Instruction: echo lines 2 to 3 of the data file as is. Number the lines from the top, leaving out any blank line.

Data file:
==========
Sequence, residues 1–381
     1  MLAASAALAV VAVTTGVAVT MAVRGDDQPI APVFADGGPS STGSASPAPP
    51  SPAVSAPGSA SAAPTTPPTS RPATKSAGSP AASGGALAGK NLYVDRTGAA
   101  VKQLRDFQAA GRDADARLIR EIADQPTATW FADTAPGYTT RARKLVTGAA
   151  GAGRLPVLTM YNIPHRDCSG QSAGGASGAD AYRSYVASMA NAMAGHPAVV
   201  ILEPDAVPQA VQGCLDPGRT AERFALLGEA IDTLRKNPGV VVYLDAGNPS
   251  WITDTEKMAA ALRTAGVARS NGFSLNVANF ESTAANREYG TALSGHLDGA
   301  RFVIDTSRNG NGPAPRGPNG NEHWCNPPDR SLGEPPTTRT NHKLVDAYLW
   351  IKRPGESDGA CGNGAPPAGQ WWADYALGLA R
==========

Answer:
     1  MLAASAALAV VAVTTGVAVT MAVRGDDQPI APVFADGGPS STGSASPAPP
    51  SPAVSAPGSA SAAPTTPPTS RPATKSAGSP AASGGALAGK NLYVDRTGAA